It is more likely that the text did originally mention the destruction of the Temple and that the text was simply corrupted in one of the many times it was copied. The most likely solution is that this is a case of haplology, a very common scribal error in which a copyist’s eye skips from one word to an identical word later in text and thus inadvertently erases the words in between.

In this case, the repeated word might be “the house”: “burned the house of [the Lord, the house of] the king’s, and the houses of the people, with fire, and brake down the walls of Jerusalem.” In the original Hebrew this error would only have caused seven letters to be lost.

A man visits the archaeological site of Babylon, Iraq, Sunday, March 21, 2021. (AP Photo/Hadi Mizban)

Babylon, in Iraq, March 2021 Credit: Hadi Mizban,AP

Another explanation is that what appears in the extant text as “the houses of the people” was originally “the house of the people” – that is what the ancient translator of the verse into Greek saw before him – and that “house of the people” was an otherwise unknown name of the Temple.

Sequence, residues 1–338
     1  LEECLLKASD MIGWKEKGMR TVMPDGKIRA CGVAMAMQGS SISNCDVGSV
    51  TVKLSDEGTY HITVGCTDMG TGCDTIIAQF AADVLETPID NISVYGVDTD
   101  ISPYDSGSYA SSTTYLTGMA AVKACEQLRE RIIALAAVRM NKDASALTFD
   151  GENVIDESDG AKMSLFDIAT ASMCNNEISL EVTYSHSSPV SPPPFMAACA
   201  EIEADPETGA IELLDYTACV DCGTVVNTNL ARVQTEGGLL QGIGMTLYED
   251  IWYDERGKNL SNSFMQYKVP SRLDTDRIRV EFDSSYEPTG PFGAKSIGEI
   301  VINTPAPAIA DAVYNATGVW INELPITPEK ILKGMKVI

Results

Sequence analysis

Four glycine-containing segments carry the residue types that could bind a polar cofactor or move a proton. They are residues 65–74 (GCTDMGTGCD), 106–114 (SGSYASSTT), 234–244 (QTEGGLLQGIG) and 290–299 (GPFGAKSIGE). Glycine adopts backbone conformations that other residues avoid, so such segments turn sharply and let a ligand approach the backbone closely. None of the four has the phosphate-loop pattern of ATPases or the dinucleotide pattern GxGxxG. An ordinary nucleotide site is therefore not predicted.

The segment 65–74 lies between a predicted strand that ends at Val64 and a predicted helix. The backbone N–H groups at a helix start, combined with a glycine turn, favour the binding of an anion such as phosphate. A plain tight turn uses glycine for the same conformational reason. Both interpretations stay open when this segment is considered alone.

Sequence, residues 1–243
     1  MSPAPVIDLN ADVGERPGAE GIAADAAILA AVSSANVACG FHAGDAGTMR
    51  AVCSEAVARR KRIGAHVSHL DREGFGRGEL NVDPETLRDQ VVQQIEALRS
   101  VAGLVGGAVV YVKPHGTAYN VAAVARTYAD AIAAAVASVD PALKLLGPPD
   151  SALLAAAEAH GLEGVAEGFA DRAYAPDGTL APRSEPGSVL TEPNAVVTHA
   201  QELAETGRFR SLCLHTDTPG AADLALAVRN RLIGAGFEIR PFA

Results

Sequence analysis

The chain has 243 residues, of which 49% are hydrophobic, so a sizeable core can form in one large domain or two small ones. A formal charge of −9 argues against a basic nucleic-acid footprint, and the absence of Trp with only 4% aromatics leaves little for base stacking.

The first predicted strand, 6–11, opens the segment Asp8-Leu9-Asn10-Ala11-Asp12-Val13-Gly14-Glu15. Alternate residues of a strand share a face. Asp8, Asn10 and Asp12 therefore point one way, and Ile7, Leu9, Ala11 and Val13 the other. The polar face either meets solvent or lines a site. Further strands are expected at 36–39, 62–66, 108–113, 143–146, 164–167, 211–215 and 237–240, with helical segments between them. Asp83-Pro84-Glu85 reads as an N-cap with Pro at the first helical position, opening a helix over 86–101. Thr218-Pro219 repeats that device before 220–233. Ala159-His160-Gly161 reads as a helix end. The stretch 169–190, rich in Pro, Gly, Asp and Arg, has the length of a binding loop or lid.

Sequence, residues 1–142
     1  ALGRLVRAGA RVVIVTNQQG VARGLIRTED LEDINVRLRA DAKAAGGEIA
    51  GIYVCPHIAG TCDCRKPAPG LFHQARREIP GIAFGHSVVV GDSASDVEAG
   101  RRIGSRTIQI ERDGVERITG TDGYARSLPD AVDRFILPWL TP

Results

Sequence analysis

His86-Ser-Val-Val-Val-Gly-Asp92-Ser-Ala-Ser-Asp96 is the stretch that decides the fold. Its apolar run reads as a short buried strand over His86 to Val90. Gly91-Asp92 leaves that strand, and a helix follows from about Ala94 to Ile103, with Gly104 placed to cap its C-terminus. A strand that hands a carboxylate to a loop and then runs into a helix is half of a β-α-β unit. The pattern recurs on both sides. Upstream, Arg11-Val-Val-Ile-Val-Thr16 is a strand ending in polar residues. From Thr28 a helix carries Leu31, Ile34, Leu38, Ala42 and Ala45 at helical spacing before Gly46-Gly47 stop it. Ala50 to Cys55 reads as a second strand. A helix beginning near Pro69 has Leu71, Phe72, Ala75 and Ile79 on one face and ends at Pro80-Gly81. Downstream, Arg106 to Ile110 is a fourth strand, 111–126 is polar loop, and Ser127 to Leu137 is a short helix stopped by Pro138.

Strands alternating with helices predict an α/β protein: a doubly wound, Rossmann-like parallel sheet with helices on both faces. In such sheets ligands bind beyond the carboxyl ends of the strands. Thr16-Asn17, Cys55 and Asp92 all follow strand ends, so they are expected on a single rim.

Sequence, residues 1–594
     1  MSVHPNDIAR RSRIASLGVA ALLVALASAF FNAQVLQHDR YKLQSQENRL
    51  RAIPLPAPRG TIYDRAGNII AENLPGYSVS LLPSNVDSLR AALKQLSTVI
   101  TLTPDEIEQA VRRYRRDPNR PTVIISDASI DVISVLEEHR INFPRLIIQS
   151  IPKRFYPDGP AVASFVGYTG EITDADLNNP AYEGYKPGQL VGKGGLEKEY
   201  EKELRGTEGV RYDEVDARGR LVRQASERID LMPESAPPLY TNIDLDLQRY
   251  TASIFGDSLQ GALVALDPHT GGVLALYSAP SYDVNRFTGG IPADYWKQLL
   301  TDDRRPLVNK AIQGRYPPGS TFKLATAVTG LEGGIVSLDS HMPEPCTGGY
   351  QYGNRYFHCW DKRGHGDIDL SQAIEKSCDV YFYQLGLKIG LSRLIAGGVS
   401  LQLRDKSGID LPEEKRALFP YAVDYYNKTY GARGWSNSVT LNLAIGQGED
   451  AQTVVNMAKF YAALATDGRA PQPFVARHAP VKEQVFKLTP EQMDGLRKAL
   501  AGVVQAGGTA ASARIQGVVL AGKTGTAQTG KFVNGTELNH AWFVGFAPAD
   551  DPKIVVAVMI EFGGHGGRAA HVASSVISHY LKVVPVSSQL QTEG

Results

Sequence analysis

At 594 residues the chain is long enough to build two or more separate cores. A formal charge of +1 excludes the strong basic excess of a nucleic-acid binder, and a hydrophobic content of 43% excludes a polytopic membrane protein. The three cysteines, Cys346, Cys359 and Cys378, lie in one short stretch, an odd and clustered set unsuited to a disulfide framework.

And say that indeed the Babylonians left the Temple standing, the author of Jeremiah 39 did not mention this fact explicitly, and the Temple was indeed destroyed later: are we to believe that the Author of II Kings 25 would have erroneously attributed the Temple’s destruction to the Babylonian Nebuzaradan, despite the fact that he must have lived only a short while after the events, considering that the last event he mentions in his history is the release of King Jeconiah from captivity (2 Kings 25:27-30) and not, say, the murder of Nebuchadnezzar II’s son and heir in 560 B.C.E or the fall of Babylonia altogether in 539 B.C.E?